IS KANSAS DRY CLEANING FACILITY RELEASE FUND UP TO THE TASK?
This story is brought to you in part by
By Michelle Moore
Last month WaterToday reported on how the Kansas Department of Health and Environment (KDHE) failed to inform residents of a groundwater contamination at the site of a former drycleaners.
The former location of American Cleaners dry cleaners in Haysville tested positive for the dry cleaning chemical perchloroethylene (PCE) in 2011, surpassing the Environmental Protection Agency's (EPA) maximum contaminant level in three groundwater samples.
But it wasn't until 2017 that KDHE realized that the groundwater previously thought to be flowing away from private drinking wells had in fact been flowing toward them. Out of the 194 homes tested, 4 homes exceeded EPA standards.
According to KDHE Environmental Health Officer Dr. Farah Ahmed, when consumed dry cleaning chemicals may damage the nervous system, liver, kidneys and reproductive system.
PCE may also increase the risk of miscarriages, bladder cancer, multiple myeloma, and non-Hodgkin's lymphoma.
By the end of August 2018 roughly 200 homes on private wells were connected to the municipal system. Similar situations have occurred in the past, for instance in 2009 KDHE discovered PCE at the site of Four Seasons Drycleaners in Wichita and by 2014 PCE was also detected in six private wells.
In this case as well, some 200 residents in the buffer zone were connected to the municipal line. According to KDHE Bureau of Environmental Remediation, remedial action started May 1 2018, almost ten years after the contamination was discovered.
In Kansas, the remediation of dry cleaning facilities are handled separately under the KDHE's Kansas Dry Cleaning Program, lobbied for by the dry cleaning industry and passed in 1995 to relieve small business owners from high remediation costs.
Bob Jurgens, Director of the KDHE Bureau of Environmental Remediation explained "we are able to spend up to 5 million dollars on an individual site and so there has to be a cap on that."
Under the program, when contaminants are found owners can apply to The Dry Cleaning Facility Release Trust Fund and are only liable to pay $5000 out of pocket for any remediation efforts.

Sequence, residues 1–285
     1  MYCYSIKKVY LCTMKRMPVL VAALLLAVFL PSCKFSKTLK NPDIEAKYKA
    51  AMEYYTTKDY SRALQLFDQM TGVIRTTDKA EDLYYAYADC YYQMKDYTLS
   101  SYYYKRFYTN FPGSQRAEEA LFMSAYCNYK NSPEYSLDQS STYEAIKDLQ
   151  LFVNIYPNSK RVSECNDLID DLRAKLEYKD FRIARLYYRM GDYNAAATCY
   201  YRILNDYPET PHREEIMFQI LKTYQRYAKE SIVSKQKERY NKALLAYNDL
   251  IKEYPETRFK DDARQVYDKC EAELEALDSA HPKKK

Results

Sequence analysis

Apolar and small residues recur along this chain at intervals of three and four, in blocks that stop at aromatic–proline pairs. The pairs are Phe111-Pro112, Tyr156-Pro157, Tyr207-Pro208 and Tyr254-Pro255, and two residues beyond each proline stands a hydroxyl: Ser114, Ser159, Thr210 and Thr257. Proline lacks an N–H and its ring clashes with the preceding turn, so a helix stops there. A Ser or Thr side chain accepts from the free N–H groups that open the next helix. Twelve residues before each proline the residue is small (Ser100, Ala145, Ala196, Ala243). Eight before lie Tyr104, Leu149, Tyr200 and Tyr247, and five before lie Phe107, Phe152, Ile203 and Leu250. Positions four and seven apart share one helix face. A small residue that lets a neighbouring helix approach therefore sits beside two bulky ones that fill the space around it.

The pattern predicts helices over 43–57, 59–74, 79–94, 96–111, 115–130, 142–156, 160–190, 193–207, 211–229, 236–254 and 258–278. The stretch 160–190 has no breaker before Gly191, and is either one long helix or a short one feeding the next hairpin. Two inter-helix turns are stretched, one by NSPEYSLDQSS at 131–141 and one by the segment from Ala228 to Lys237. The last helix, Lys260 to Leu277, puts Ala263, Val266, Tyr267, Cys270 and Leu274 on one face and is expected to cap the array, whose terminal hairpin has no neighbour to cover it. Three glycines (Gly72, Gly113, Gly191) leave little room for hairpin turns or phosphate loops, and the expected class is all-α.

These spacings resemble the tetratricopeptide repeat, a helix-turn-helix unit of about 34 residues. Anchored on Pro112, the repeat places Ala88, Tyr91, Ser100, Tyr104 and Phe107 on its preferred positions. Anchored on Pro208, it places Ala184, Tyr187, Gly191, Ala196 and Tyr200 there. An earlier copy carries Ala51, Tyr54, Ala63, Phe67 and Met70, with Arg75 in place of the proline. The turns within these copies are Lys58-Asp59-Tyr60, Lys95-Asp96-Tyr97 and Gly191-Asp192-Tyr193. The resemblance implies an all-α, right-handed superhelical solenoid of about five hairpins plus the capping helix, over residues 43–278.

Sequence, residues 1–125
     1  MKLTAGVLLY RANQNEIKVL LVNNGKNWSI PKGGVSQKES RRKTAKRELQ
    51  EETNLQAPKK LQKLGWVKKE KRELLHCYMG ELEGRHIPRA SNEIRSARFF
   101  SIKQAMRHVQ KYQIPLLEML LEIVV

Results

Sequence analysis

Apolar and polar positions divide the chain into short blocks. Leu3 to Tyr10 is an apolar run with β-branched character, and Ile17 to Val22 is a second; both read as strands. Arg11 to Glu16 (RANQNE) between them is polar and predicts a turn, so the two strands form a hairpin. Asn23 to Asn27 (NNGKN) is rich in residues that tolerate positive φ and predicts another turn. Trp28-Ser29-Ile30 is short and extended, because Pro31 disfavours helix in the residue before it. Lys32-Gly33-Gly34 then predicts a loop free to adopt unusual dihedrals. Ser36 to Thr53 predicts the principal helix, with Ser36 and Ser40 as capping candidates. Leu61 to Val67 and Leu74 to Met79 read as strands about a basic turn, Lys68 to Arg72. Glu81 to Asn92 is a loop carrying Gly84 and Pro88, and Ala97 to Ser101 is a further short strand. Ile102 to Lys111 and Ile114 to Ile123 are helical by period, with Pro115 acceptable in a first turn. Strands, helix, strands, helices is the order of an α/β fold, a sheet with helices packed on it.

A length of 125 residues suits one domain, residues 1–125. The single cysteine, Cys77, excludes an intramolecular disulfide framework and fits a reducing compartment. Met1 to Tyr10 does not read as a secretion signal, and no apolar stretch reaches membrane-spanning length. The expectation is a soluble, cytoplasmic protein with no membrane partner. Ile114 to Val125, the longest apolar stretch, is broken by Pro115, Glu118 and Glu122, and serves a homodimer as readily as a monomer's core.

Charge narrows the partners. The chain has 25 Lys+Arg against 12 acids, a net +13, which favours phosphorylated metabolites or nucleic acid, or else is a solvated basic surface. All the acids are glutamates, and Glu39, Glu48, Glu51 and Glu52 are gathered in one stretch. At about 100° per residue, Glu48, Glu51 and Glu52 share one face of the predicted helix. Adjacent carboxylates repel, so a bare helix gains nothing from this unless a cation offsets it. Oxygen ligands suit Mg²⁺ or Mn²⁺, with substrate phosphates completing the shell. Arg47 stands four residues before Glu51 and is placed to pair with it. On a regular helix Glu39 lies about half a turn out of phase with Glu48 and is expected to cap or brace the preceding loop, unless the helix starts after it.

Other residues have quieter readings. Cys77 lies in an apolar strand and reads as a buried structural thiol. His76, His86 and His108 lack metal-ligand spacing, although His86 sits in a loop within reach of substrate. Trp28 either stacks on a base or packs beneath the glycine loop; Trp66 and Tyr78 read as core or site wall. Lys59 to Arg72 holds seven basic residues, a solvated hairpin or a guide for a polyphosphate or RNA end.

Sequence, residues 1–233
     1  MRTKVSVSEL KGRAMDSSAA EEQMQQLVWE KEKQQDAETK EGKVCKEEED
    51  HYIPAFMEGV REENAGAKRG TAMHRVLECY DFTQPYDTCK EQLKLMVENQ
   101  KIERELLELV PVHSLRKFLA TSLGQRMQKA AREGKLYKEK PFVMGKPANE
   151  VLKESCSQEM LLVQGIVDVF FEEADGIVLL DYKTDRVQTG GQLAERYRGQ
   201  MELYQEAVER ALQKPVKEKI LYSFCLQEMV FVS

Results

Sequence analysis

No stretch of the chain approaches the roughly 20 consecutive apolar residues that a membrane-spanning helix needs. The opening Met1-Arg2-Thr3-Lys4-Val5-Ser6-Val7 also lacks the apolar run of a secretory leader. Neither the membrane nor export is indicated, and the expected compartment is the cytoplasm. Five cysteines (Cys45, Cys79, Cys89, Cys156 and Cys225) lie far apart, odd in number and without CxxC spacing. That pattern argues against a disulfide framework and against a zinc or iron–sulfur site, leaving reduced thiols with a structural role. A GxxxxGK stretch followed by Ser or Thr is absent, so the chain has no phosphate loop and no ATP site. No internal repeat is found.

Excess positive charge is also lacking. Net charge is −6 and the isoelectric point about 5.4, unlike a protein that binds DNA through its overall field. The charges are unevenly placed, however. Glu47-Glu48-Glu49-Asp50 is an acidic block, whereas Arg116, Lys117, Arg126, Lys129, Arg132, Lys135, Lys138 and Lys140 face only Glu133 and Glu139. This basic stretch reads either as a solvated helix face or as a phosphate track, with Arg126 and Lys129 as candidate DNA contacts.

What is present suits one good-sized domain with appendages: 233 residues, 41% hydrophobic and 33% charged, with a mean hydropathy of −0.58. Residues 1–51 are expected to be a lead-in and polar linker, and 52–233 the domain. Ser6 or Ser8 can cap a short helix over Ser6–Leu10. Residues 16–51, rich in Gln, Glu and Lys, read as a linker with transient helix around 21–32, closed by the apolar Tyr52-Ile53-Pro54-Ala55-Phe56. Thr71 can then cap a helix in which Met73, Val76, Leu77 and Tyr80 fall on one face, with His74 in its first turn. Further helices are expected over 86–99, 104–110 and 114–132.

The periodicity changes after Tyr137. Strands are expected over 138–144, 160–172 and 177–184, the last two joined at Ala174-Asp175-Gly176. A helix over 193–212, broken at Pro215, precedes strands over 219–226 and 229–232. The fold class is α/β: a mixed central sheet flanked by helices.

Jurgens said "the amount of money coming into the program is probably not adequate to be able to go out and address all the sites right away but over time you know, we are going to be able to continue to work on those."
A tax on solvents that are used in the dry cleaning process helps to pay for the fund, which pays to ensure compliance, prevent future releases, environmental assessments and remediation of ground water and soil.
The average amount for the fund is $800 000 to $900 000 annually, which is not enough to pay for the remediation of the 170 contaminated sites currently under the program. Accordingly, KDHE must apply a numerical system to each site that provides a hazard number indicating its priority ranking.
Jurgens said "it's a very complex system but overall it looks at the amount of contamination that we know is at the site, which can be fairly limited because it may just be a few samples where a little soil or ground water has been collected at the site."
He continued, "we look at the population in the area, we try to identify if there's any drinking water wells whether they be private or public wells that are in the area or in the area expected to be impacted based on groundwater soil to a certain degree."
Jurgens said there may be more contaminated sites out there. He explained that the fund is completely voluntary program and drycleaning owners are not required to have groundwater tested regularly, nor are they required to submit results to KDHE.
Jurgens added, "our law does not allow us just to look at everybody just to see if there may be contamination there, we only get involved when evidence of contamination is provided to us."
In addition to the fund, in 2015 legislators passed a bill, The Environmental Stewardship Fund, which provides funds for orphan sites. Many contaminated sites were operating in the 60's, 70's and 80's and have since been abandoned.
When asked what kind of sites would fall under this category, Jurgens explained that "there might be a bankruptcy, could be that the business just closed. The dry cleaning industry is not a real robust industry anymore and the business wasn't able to continue going so it might be bankruptcy, it might be the owner's passed away."
Since those funds have been made available, KDHE says they have made great strides in site assessment, reducing the number of unassessed sites from 70 to 22. The remaining sites are located in areas where groundwater is not used for drinking water purposes.
Despite that however, KDHE still lacks adequate funds to remediate many sites in their backlog, but Jurgens said that areas where homeowners have been connected to municipal systems are still being monitored.
When asked what could be done, Jurgens responded that "individual legislative action would be the only way we would get additional funding beyond what we already have. With the money we have we do have a plan in place within the next three years we will have all the sites assessed, not just in dry cleaning but some of our other programs as well."
He said KDHE have been in talks with the dry cleaning industry about revising individual caps on liability but so far there is nothing concrete in the works.
Kansas Officials fail to inform residents of well water contamination
A to Z
For articles published before 2017, please email or call us
|Have a question? Give us a call 613-501-0175 |
All rights reserved 2020 - WATERTODAY - This material may not be reproduced in whole or in part and may not be distributed,
publicly performed, proxy cached or otherwise used, except with express permission.